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Looking beyond the exome: a phenotype-first approach to molecular diagnostic resolution in rare and undiagnosed diseases.

  • Author(s): Pena, Loren DM;
  • Jiang, Yong-Hui;
  • Schoch, Kelly;
  • Spillmann, Rebecca C;
  • Walley, Nicole;
  • Stong, Nicholas;
  • Rapisardo Horn, Sarah;
  • Sullivan, Jennifer A;
  • McConkie-Rosell, Allyn;
  • Kansagra, Sujay;
  • Smith, Edward C;
  • El-Dairi, Mays;
  • Bellet, Jane;
  • Keels, Martha Ann;
  • Jasien, Joan;
  • Kranz, Peter G;
  • Noel, Richard;
  • Nagaraj, Shashi K;
  • Lark, Robert K;
  • Wechsler, Daniel SG;
  • Del Gaudio, Daniela;
  • Leung, Marco L;
  • Hendon, Laura G;
  • Parker, Collette C;
  • Jones, Kelly L;
  • Undiagnosed Diseases Network Members;
  • Goldstein, David B;
  • Shashi, Vandana
  • et al.
Abstract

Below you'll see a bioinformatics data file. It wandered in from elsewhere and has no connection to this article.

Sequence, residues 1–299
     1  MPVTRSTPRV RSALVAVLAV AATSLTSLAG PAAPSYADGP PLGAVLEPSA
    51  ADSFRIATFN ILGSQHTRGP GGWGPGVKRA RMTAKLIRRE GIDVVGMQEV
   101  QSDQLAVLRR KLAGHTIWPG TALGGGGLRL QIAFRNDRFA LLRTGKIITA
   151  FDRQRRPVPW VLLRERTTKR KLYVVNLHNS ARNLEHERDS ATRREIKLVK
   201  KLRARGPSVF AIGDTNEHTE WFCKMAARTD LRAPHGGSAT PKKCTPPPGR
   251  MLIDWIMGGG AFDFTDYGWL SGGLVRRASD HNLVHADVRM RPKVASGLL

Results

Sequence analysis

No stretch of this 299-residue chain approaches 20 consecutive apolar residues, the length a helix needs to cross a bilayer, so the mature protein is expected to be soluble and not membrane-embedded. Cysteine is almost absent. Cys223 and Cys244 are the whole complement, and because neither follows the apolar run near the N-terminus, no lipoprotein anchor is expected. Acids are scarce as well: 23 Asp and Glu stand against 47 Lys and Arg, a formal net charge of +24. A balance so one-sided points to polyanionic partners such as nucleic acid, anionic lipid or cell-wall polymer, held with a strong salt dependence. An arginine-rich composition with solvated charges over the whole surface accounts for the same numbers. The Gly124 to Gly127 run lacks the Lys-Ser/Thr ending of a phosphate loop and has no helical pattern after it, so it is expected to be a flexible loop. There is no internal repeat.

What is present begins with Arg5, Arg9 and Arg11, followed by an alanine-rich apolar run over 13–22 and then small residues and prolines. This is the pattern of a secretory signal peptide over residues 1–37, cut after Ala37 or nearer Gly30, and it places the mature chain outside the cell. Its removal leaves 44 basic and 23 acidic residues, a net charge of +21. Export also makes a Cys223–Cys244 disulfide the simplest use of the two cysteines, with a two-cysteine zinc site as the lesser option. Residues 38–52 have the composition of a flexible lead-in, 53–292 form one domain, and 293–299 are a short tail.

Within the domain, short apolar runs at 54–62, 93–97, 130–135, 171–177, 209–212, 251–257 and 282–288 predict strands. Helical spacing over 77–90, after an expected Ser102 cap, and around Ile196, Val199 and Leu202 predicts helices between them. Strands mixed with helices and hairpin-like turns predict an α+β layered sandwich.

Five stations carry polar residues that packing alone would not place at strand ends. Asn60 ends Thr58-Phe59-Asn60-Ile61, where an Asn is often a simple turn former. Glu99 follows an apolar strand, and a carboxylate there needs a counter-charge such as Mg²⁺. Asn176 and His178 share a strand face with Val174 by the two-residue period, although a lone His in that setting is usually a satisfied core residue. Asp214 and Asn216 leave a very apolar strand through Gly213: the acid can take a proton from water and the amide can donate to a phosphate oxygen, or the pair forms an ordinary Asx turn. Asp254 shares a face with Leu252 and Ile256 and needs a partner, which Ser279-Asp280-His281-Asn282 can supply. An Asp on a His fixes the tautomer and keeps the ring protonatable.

PurposeTo describe examples of missed pathogenic variants on whole-exome sequencing (WES) and the importance of deep phenotyping for further diagnostic testing.MethodsGuided by phenotypic information, three children with negative WES underwent targeted single-gene testing.ResultsIndividual 1 had a clinical diagnosis consistent with infantile systemic hyalinosis, although WES and a next-generation sequencing (NGS)-based ANTXR2 test were negative. Sanger sequencing of ANTXR2 revealed a homozygous single base pair insertion, previously missed by the WES variant caller software. Individual 2 had neurodevelopmental regression and cerebellar atrophy, with no diagnosis on WES. New clinical findings prompted Sanger sequencing and copy number testing of PLA2G6. A novel homozygous deletion of the noncoding exon 1 (not included in the WES capture kit) was detected, with extension into the promoter, confirming the clinical suspicion of infantile neuroaxonal dystrophy. Individual 3 had progressive ataxia, spasticity, and magnetic resonance image changes of vanishing white matter leukoencephalopathy. An NGS leukodystrophy gene panel and WES showed a heterozygous pathogenic variant in EIF2B5; no deletions/duplications were detected. Sanger sequencing of EIF2B5 showed a frameshift indel, probably missed owing to failure of alignment.ConclusionThese cases illustrate potential pitfalls of WES/NGS testing and the importance of phenotype-guided molecular testing in yielding diagnoses.

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